Slowly, as the heroes are drawn together, such surprise links may become less important, but Kring is already layering in signs and portents – or as the BBC2 announcer beforehand gamely described “apocalyptic visions”. As is customary in these series, not everything can be taken at face value and – as if the many new characters and situations weren’t enough – we were presented with a gob-smacking finale, in which one of those visions comes true. That naturally makes us question what has gone before and shows the series will not be averse to experimenting with the language of television drama, at least in terms of direction and editing.
Heroes is still resolutely of comic books and fantasy though; with the exception of Doctor Who, it’s been a while since a show has seemingly been specifically designed to stir the inner geek. It’s obviously created by someone who’s consumed cult media and has the an obvious love for it. Where other series have shied away from inserting in-jokes which only a small proportion of the audience might understand, Heroes confronts them head on, referencing everything from Star Trek to a particular issue of The X-Men, to the surnames of characters from The Matrix. Elements such as the episode titles as captions which slip through the very opening of each instalment and a portentous philosophical voiceover from source unknown also give the impression of a comic, without going the whole hog as seen in Ang Lee’s film version of Hulk which actually had frames and thought bubbles appearing on screen.
All of this would be for naught were it not for the characters, and for once there’s not a single principle you’re not happy to spend time with. Of the multitude, Hiro is the stand-out, exuberantly played by Masi Oka, his bursts of excitement being some of the best moments on television this year. A more intriguing figure is the Time Lord-esque Mohinder, whose real power we’re yet to see – but actor Sendhil Ramamurthy is carrying the burden of explaining what might be causing these abilities to emerge with aplomb. If Hayden Panettiere’s cheerleader stands a little too much in a certain vampire slayer’s shadow for now, there’s Alias and Lost creator JJ Abrams stalwart Greg Grunberg playing another sturdy but reliable figure in Matt.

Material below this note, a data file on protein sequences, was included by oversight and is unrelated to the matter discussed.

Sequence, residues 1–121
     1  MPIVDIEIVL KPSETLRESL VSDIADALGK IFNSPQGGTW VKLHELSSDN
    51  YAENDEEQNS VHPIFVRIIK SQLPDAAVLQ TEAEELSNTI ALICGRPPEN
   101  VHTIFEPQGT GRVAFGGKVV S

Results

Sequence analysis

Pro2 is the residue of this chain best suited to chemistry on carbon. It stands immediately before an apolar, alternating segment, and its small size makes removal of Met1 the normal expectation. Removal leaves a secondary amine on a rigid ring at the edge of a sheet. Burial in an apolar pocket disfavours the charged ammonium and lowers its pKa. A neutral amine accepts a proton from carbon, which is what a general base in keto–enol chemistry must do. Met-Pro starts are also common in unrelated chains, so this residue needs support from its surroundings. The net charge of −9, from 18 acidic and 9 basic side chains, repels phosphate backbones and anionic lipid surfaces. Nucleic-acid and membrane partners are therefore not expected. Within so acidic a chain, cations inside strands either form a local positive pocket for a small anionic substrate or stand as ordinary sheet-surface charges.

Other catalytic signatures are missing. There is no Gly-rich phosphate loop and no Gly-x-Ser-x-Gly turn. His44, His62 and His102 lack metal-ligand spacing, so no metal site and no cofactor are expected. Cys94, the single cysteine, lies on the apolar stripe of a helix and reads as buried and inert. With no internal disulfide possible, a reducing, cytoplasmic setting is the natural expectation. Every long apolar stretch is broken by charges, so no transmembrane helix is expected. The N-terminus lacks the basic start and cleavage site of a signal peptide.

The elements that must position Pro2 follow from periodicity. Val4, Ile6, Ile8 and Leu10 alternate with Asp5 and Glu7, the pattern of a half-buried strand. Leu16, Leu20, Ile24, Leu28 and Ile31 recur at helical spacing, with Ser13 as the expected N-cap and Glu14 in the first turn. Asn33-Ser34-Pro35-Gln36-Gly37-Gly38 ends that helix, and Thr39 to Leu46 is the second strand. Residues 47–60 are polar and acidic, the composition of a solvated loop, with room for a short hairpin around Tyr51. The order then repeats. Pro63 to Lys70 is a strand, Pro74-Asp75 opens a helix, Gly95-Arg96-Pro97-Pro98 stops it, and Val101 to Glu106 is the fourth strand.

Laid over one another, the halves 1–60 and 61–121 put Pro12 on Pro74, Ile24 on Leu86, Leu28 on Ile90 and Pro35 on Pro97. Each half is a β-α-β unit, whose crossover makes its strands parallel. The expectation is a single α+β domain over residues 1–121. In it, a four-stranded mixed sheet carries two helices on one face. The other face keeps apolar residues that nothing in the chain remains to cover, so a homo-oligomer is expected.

While I agree with some commentators that the first episode is a bit sluggish, something which is inherent in the nature of all of these things – there aren’t many opening episodes which work completely simply because of everything they have to do – taken together this marks one of the most promising television launches of the year, combining fun, intrigue and suspense. BBC2 obviously has enough confidence that they’ve paid through the nose to buy the second series – which means it’ll have plenty of time to bed in before Sky inevitably steals the license.
About the only gatecrasher to spoil the party was their presentation of the episodes. Repeating the experiment which greeted the opening instalments of Torchwood last year, the credits of the pilot were clipped and replaced with a reminder that episode two was to follow (over a specially designed ident) and a bunch of trailers for the channel’s opening line-up spoiling the effect of the cliffhanger somewhat as the viewer had Louis Theroux’s incredulous face glaring at them while they considered the implications of the nurse’s jump from the building – surely a voiceover the first set of credits would have been enough.
More damaging was the introduction of the BBC’s long term policy of clipping out the fades in and out of US imports. More than ever, the lead in to advertising has become a punctuation to the action, with a series of mini-cliffhangers throughout the episode, which in Heroes, at least in these early stages with the action criss-crossing across stories, creates a pacing which helps to orientate the viewer. Losing them in this case left the episodes looking a bit disjointed.
But, not to the point that I won’t be tuning in for episode three …